One of the Hunter’s notorious stretches, Putty Road, will undergo unique maintenance work following recent natural disasters.
The thoroughfare was significantly damaged at Terrys Creek during a severe weather event in June 2022, resulting in multiple landslips.
Permanent repairs – including steel nails up to 12 metres in length being drilled into the steep slopes southwest of Mount Thorley – are scheduled to take place, from Monday 22 January, over three kilometres at nine locations.
The work is expected to be complete by mid-2024, weather permitting.
Transport for NSW (TfNSW) has been managing this section of Putty Road following the disastrous 2022 event, allowing this essential route to remain open to traffic by installing lane closures and traffic control.
“The start of construction is a welcome step forward in getting our road network rebuilt,” NSW Minister for Regional Transport and Roads Jenny Aitchison said.
“Importantly, this work is not about just rebuilding roads back to the standard they were at before the disasters… we’re also making sure they’re better protected against future landslips.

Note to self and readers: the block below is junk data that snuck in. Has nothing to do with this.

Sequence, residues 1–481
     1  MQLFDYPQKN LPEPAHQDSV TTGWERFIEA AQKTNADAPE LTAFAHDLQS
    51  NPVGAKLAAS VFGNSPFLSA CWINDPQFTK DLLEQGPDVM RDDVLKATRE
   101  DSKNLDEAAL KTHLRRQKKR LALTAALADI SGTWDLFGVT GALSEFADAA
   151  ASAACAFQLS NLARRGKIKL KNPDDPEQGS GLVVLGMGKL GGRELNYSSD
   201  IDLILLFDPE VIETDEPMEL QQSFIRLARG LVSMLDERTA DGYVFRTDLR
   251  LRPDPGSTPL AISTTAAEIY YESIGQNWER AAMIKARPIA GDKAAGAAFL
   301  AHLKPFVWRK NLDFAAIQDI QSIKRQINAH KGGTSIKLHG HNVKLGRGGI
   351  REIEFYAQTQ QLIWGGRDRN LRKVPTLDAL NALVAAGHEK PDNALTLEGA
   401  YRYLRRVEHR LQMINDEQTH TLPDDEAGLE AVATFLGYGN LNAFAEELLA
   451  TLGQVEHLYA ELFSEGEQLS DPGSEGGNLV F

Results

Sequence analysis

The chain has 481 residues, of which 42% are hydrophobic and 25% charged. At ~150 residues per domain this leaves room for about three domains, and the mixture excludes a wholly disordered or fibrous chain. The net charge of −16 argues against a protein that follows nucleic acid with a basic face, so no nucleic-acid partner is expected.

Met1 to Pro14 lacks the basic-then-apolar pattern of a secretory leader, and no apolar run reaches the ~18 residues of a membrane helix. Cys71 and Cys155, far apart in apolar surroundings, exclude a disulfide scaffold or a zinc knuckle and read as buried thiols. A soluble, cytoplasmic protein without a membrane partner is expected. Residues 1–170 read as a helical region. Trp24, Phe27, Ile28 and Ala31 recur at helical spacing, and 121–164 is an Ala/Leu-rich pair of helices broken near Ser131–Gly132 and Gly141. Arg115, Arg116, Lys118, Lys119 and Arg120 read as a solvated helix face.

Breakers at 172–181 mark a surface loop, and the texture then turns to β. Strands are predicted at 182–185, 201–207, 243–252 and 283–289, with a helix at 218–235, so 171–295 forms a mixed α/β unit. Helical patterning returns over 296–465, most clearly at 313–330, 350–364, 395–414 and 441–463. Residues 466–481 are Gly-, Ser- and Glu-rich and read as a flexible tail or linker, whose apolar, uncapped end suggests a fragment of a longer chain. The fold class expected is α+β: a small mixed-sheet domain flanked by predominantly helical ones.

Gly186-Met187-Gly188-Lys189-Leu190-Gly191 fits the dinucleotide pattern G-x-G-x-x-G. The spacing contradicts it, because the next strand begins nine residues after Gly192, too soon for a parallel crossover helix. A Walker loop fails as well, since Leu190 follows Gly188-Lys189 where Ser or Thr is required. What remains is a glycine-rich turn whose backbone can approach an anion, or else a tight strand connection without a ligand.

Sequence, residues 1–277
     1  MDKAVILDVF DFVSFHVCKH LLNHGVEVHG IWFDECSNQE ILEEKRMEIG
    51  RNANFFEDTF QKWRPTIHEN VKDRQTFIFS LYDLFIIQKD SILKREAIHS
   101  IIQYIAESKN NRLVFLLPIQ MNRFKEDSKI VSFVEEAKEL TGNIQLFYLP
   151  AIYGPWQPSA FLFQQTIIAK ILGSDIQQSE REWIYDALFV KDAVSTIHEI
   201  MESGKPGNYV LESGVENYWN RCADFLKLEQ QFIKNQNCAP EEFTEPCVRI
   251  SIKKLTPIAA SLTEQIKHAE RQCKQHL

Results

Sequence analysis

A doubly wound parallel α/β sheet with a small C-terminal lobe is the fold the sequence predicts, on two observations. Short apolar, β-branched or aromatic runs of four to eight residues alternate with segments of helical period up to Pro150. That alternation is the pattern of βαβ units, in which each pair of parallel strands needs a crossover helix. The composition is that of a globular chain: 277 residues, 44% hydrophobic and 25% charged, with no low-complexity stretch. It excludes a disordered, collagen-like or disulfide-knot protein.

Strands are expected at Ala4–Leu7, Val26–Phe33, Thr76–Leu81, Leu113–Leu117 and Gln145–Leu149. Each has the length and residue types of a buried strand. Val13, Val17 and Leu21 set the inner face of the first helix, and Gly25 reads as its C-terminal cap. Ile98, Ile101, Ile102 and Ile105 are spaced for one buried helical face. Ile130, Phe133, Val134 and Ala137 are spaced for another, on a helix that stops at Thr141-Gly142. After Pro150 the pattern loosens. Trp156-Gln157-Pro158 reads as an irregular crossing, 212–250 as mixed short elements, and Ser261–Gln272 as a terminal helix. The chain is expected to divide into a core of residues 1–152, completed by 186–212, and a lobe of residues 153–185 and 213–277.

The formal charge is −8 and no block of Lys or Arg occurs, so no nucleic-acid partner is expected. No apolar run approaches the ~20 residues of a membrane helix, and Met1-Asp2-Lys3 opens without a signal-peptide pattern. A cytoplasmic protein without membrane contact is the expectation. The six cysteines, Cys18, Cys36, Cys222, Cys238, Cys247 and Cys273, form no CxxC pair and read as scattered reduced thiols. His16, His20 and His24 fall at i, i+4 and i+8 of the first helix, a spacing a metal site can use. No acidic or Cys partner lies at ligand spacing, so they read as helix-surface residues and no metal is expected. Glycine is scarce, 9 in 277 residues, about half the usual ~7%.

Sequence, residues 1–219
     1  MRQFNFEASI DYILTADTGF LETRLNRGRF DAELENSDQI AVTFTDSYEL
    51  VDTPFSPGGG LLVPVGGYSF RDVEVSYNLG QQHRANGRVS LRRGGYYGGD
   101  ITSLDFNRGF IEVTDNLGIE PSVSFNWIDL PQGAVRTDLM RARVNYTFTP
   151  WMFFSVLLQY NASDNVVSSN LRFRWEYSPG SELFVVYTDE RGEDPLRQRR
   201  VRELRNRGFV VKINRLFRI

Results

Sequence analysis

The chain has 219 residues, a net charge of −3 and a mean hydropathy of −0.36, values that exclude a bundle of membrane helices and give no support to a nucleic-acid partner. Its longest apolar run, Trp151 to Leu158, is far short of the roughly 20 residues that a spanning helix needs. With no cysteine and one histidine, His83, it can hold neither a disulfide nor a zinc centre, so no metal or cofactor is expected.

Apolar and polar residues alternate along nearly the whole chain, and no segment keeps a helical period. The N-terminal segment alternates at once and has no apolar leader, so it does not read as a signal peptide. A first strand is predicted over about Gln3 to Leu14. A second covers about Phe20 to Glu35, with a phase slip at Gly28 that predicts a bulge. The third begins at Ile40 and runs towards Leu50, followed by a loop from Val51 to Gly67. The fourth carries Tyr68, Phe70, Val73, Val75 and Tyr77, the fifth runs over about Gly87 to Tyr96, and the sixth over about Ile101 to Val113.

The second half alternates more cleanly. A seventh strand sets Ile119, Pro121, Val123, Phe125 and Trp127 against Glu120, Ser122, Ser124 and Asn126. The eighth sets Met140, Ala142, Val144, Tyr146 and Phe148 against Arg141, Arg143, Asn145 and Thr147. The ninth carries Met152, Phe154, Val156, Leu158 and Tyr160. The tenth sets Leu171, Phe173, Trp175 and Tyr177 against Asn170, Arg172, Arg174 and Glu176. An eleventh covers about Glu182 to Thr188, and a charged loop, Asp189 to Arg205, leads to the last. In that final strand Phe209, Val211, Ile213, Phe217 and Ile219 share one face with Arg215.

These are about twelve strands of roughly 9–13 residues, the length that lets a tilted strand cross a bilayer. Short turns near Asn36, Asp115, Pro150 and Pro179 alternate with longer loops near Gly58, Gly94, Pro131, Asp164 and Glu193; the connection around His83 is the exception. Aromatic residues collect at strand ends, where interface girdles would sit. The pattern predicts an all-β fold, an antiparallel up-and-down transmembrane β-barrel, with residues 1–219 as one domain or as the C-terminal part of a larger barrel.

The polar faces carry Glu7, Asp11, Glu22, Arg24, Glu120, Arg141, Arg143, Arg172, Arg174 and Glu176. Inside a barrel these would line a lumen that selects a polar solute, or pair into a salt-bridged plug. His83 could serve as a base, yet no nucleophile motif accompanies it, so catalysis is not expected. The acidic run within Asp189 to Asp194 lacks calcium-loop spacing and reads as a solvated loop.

“It’ll include a technique known as ‘soil nailing’, where specialist crews drill holes into the soil surrounding Putty Road so steel bars can be inserted and grout filled to stabilise the ground and make the road more resilient.
“It’s a testament to the skills and dedication of the crews working on Transport for NSW projects across the state that we will be able to complete this vital road work.”
Australian Minister for Emergency Management Murray Watt said it was one of a range of recovery activities being undertaken along Putty Road to reconnect Upper Hunter communities.
“This is a significant transport route,” he explained.
“As crews continue to work through and complete works like bridge repairs, clearing landslip sites, repairing erosion and installing new drainage, the beginning of soil stabilisation works along this section marks a major milestone on the road’s restoration.”
Hunter MP Dan Repacholi welcomed the much-needed enhancements.
“Different locations along this section of road will require different stabilisation techniques, which includes rock fill, while the length of the individual slopes range from around 60 metres to 190 metres,” he said.
“It requires the use of fall restraint systems including elevated work platforms and, in some cases, workers will need to abseil off the face of the slope.
“In addition to stabilising the slopes, work will see the reinstatement of a one-metre wide shoulder and installation of new guardrail for motorists’ safety.”
For more community stories:
- NSW Government commits to dredging work on Myall River
- Ecological burn sparks new life for Lake Mac site
- New Foreshore Park kiosk, amenities block concept unveiled
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